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A Dragonfly for Each Corpse is quite unusual in that it is a Spanish movie filmed in Italy. More specifically, it tries to pass itself off as an Italian giallo. By the time this had been released this particular sub-genre had already past its peak years but its characteristics were so well established by that point that they could be mimicked quite easily. This film doesn't just copy the conventions of the genre; it also goes to the trouble of setting its action in Milan to make it seem even more like a true Italian product.
Its director was León Klimovsky who made quite a lot of genre pictures, including the impressive Vampire's Night Orgy (1974). In this one, he directs the top Iberian horror actor of the day, Paul Naschy. This chunky leading man appeared in many genre pics and in this instance he plays a cynical, violent cop who investigates a serial murder case. The killer's calling card is a wax dragonfly left on the corpses of the victims, all of whom are considered 'degenerates'. Interestingly, Naschy's detective actually seems to sympathise with the killer's objectives for the most part! Anyway, what follows is a violent and sleazy whodunit, where the mystery killer batters their way through the cast via a variety of slaughter methods.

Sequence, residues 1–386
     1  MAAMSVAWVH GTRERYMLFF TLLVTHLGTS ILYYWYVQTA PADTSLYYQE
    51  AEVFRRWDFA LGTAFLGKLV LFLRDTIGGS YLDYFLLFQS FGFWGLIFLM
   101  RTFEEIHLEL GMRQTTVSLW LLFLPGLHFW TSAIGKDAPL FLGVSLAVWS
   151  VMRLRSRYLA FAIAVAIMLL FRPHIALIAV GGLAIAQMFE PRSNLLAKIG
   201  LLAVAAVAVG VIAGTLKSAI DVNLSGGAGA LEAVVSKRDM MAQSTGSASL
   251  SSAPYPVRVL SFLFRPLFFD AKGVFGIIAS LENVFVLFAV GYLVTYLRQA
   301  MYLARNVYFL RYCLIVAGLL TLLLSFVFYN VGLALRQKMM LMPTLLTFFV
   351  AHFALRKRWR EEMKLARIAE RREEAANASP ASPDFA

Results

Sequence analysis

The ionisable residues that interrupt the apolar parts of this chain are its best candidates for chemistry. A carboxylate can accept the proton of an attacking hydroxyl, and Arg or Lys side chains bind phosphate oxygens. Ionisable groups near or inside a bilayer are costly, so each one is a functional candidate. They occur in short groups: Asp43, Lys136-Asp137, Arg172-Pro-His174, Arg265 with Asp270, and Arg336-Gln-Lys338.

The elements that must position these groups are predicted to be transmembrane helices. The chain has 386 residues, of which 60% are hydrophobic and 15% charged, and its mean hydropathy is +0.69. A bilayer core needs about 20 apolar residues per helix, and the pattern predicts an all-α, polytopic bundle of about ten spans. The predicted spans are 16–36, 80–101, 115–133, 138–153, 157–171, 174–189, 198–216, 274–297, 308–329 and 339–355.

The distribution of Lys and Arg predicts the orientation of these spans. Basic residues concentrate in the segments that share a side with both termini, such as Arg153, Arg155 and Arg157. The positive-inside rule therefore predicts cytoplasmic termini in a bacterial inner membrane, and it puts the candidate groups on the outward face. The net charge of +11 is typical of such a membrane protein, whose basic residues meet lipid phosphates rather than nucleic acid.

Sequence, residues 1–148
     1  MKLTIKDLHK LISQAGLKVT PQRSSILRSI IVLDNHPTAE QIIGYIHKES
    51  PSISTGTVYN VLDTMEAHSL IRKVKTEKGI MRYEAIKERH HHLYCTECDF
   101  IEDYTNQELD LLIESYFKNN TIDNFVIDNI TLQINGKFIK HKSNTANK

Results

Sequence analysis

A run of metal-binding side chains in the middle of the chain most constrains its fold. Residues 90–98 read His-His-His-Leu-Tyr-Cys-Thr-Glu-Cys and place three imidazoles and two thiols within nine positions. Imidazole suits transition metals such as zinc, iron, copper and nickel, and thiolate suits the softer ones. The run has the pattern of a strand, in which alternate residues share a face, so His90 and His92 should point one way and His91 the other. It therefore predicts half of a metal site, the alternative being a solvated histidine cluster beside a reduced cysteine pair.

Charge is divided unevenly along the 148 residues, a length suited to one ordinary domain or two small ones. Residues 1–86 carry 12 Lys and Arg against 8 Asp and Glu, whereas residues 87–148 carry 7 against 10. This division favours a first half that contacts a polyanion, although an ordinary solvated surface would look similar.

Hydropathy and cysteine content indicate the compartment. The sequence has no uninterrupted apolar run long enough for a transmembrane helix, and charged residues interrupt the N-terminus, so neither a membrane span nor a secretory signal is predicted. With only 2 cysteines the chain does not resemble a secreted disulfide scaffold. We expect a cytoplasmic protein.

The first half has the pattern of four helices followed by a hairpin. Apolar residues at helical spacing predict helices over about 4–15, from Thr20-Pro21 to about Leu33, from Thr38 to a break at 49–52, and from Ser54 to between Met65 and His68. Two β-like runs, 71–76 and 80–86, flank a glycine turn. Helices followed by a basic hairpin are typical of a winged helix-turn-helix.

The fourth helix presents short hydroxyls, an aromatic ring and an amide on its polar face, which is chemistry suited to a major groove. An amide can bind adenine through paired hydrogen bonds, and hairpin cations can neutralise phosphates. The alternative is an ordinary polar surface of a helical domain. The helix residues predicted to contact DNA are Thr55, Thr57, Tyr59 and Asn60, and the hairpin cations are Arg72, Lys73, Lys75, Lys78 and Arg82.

The mystery here is, as is typical for the genre, somewhat convoluted with quite a large selection of suspects/victims. It's not a bad mystery though, even if it might be a bit heavy on the police procedural side of things. Admittedly it does end with a particularly biscuit-taking lack of explanation for the mayhem that we have just spent the last 90 minutes witnessing and the unmasking of the killer is somewhat underwhelming too. But this is not really a deal-breaker given that gialli in general often put very little effort into this side of things. On the other hand, there is a pleasing selection of salacious content sprinkled throughout to keep things interesting such as violent murders, completely gratuitous nudity, a seedy plot-line and a stupendously silly set-piece where one character tries to make a getaway on a roller-coaster car! So all-in-all, a pretty enjoyable movie with the requisite lack of political correction and an abundance of of-its-time fashions that make these films so much fun.
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